Science and Speed Dating Go Hand in Hand
“If you walked past my classroom during speed dating you’d think ‘Are they learning anything?’ They are.” said Dr. Marcy Kelly, Professor in the Department of Biology and Health Sciences.
Taking a cue from modern courtship, undergraduates in Marcy Kelly’s Biology 264 class speed date to the beat of notifiable diseases (diseases that pose a public health threat and must be reported to the Centers for Disease Control). Each student is assigned a disease, and each week students pair up to swap information about their respective conditions. They have five minutes to exchange as much detail as possible before time is up and it’s time to move on to the next partner. Class is lively and the students are energized, and by the end of the year, they will have learned the causes, symptoms, risk factors and treatments of approximately 30 diseases. Who knew learning about diphtheria could be such fun?
Dr. Kelly is an early implementer of Vision and Change, a call to action by the American Association for the Advancement of Science, the National Science Foundation, and the Howard Hughes Medical Institute to transform the way undergraduate biology is taught.
Traditionally, biology students are taught through lecture, memorization and study. A key component of Vision and Change seeks to transform this model by engaging undergraduates as active participants. “The traditional way of teaching doesn’t teach students how to be scientists; it teaches them how to memorize and follow lab protocols,” said Dr. Kelly. Data from earlier versions of Dr. Kelly’s program suggests that active engagement does, in fact, have a positive impact upon on learning and the appreciation of science in general.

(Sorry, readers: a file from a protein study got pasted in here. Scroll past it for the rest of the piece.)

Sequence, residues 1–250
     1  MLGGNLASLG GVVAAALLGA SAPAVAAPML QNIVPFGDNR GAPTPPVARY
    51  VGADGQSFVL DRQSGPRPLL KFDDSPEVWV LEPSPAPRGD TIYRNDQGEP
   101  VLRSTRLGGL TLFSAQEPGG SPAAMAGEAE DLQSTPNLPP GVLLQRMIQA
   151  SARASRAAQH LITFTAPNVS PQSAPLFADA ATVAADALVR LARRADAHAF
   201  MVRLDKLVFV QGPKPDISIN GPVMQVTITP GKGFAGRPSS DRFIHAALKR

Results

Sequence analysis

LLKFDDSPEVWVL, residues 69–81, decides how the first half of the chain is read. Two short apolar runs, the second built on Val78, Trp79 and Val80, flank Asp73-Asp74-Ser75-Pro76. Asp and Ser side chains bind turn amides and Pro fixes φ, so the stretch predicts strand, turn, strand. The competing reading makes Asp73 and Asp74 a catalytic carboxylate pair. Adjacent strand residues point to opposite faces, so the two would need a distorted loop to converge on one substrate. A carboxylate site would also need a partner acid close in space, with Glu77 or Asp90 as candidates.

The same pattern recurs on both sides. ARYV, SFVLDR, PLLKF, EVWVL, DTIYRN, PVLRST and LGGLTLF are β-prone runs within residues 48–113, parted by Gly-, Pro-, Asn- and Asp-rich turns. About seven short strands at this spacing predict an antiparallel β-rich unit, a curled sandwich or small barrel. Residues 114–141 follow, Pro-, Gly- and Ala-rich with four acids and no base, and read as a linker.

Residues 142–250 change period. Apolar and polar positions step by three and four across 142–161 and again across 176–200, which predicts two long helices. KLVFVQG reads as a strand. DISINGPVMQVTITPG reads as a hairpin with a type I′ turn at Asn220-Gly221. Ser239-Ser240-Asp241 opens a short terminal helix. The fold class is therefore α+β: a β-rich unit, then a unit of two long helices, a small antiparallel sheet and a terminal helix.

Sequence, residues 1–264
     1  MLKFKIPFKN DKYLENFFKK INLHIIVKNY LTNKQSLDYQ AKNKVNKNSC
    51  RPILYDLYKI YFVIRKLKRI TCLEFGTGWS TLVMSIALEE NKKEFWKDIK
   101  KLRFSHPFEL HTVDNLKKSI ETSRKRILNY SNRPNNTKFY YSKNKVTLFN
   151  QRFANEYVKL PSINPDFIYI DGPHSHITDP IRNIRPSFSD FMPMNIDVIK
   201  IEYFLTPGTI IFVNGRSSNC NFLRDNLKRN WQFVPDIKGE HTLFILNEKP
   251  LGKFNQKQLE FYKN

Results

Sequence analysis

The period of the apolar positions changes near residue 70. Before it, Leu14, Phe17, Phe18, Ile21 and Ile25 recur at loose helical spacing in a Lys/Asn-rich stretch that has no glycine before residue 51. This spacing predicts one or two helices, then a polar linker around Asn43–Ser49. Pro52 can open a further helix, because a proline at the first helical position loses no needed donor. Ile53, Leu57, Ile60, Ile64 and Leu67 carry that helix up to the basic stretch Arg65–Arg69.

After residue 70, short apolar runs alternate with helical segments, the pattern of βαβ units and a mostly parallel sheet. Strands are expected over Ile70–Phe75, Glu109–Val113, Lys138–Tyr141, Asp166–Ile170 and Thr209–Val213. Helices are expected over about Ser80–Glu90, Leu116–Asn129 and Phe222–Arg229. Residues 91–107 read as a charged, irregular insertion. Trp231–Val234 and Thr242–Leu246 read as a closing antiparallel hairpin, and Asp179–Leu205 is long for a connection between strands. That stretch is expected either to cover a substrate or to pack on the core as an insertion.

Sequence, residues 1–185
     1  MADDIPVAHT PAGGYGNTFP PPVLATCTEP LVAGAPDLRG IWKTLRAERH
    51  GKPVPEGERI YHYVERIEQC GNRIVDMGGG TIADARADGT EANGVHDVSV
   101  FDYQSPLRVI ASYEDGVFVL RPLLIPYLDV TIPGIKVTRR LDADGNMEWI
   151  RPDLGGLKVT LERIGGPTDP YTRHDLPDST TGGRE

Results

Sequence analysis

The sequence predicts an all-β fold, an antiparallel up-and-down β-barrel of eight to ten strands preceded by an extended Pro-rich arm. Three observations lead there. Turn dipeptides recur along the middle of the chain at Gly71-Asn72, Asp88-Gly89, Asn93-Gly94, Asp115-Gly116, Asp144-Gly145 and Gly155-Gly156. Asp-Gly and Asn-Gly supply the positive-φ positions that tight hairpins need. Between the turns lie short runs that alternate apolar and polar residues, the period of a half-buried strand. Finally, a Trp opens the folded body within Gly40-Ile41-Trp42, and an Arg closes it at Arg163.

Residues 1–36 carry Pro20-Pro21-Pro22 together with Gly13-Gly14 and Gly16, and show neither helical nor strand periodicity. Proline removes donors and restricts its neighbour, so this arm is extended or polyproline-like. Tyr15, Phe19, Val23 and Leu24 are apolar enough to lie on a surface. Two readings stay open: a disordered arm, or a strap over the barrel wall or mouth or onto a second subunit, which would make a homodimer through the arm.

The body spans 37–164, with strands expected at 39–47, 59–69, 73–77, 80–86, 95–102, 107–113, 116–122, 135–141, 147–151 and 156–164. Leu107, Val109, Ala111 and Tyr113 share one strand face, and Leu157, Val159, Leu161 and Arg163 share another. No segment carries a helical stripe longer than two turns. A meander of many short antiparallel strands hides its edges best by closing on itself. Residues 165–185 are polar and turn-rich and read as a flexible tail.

“Through this novel teaching approach, our students learn how to think like a scientist and gain a strong foundational knowledge, develop an open mind to generate hypotheses, and have patience with experimentation. We give them the tools they need to succeed in the real world.”
In 2012, President Obama announced the priority goal of increasing the number of students who receive undergraduate degrees in science, technology, engineering and math (STEM) by one million over the next decade. Retention of science majors is critical to the United States economy and global competitiveness. At current graduation rates, it is projected that the United States will need one million more STEM professionals over the next decade to meet workforce needs.